“I remember my first dance like it was yesterday. I was five years old, and my grandparents took me to the army club. We walked through the doors to find people in sarees, ball gowns, and suits, dancing the night away. People danced the tango, foxtrot, and cha-cha. I was mesmerized. Then my grandmother asked me to dance. I can still feel my first step of the foxtrot.
From that moment forward, I knew I wanted to pursue dancing as a career. My father did not share this sentiment. He said I was an army officer's son, and I needed to get a job. But my grandmother encouraged me to pursue my passion. My father eventually gave me his blessing as well. I believe the blessings of your elders is really important when trying something new. It is because of the blessings, love, and support of my grandparents that I have been able to achieve the kind of global popularity I have now.
At our first 'Dance for a Cause' show, we performed at the World Economic Forum in Davos, Switzerland. The focus that year was 'Save the Tiger', which is India's national animal. During the performance, Bill Clinton sat in the front row. I will never forget that moment because it reminded me that dance impacts anybody and everybody: from the underprivileged children I teach in the slums to world leaders. Everyone can experience the power of the art form. That is the beauty of dance. It brings people together.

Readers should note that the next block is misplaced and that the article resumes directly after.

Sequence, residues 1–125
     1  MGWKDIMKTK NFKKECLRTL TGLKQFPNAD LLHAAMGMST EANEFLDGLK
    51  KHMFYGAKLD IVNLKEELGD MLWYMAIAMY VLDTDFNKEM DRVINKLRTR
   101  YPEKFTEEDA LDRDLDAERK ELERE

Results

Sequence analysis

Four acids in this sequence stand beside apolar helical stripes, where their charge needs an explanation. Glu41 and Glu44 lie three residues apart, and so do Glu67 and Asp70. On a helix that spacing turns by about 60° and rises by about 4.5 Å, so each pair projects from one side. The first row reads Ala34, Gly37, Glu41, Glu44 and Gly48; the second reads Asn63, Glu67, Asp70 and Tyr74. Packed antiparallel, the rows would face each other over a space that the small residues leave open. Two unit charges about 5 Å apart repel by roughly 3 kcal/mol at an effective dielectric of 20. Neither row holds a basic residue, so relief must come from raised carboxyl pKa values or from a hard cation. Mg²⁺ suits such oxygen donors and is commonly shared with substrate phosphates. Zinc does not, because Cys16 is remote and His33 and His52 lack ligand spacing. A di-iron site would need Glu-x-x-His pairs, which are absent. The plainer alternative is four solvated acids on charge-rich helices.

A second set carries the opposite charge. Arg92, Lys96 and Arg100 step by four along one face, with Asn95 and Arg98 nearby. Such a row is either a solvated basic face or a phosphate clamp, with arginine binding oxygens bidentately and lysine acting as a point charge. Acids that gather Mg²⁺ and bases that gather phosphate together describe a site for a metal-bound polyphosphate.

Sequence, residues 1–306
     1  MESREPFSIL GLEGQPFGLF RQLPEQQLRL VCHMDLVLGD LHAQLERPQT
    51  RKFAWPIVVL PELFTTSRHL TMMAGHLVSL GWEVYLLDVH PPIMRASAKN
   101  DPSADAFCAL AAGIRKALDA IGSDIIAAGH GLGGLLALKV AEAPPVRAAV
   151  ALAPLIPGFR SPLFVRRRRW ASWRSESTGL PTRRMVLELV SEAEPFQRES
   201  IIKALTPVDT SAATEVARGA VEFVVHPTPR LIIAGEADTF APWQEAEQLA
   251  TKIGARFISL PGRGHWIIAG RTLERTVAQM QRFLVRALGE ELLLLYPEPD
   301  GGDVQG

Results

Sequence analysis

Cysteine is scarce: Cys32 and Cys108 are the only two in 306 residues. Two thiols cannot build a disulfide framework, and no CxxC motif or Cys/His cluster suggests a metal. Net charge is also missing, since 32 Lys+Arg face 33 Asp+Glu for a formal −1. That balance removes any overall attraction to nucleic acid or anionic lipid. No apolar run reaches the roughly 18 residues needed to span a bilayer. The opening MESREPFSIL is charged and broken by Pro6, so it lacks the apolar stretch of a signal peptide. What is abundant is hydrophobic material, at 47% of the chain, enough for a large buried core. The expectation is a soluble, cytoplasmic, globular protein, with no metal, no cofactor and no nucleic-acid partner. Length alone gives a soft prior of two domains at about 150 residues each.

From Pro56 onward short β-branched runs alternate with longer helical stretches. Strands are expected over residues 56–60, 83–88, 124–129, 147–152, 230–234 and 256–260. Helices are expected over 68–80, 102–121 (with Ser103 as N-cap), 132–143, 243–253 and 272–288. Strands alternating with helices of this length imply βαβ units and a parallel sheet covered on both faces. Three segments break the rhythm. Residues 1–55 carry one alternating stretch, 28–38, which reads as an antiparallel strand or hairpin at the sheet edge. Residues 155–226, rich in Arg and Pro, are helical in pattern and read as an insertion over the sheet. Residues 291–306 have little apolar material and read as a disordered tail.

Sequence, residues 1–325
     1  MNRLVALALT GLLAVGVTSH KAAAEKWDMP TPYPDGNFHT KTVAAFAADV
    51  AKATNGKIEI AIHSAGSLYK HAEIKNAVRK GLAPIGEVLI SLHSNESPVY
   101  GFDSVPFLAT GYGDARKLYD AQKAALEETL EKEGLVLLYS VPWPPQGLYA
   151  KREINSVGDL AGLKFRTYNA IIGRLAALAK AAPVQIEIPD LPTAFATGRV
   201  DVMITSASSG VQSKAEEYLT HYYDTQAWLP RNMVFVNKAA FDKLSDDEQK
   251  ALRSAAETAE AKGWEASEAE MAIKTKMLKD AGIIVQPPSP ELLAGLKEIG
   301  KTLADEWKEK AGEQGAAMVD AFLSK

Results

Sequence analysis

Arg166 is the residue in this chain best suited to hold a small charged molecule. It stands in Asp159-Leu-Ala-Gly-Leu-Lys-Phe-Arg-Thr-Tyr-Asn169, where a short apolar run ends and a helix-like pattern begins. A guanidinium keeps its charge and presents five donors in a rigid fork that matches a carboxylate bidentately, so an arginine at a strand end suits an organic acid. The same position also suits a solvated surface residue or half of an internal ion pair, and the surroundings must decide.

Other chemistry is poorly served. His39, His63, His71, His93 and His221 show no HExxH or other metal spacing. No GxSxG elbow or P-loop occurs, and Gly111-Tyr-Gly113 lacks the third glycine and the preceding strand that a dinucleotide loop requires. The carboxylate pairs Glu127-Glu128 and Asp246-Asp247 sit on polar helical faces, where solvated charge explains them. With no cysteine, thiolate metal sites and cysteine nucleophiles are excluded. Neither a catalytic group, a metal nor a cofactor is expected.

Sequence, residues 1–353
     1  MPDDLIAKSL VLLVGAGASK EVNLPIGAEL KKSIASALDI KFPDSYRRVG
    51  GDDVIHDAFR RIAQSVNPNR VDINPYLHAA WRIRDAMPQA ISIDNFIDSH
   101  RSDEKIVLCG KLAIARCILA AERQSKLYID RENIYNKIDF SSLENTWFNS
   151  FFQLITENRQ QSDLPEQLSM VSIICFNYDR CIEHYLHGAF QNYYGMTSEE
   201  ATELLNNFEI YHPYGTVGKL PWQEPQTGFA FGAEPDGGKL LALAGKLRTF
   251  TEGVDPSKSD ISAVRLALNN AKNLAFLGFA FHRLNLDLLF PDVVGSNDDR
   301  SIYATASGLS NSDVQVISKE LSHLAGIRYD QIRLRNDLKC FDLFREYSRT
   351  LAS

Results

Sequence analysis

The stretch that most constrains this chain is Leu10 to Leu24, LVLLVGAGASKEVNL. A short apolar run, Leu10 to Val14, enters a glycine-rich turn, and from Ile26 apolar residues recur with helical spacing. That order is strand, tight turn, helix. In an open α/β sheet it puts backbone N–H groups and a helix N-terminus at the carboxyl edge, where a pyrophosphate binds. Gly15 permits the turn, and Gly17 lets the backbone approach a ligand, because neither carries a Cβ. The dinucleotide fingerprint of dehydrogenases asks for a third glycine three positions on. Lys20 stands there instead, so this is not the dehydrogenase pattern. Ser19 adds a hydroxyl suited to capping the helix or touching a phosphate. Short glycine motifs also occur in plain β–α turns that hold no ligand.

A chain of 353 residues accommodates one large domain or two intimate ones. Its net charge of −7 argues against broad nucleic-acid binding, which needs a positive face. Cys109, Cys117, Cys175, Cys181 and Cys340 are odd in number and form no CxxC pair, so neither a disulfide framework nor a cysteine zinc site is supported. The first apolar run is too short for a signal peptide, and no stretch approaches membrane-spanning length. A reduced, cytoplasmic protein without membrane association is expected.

Today the world has come much closer. In one Zoom class, you have people from all over the world joining together to dance. Eventually when the lockdown was lifted, to my surprise, the first students who came to my offline classes were a 57-year-old woman and a 62-year-old man. They walked through the sanitizing machine, thrilled to participate. Sometimes people are nervous about dancing because of their age. Being 57 myself, I think age only makes you wiser and more experienced. I love my job because I get to dance with all shapes, sizes, professions, and ages. Most of our lives are lived for other people: our children, grandchildren, husbands, and wives. We have always lived for someone else. Now is the time to live for ourselves and do what we want. So dance for yourself because it keeps you happy. Dance to stay positive. Dance to stay strong. Dance brings all of us together. Come dance with us!”
Join celebrity choreographer Sandip Soparrkar on Friday, February 18, for ballroom and salsa dancing.
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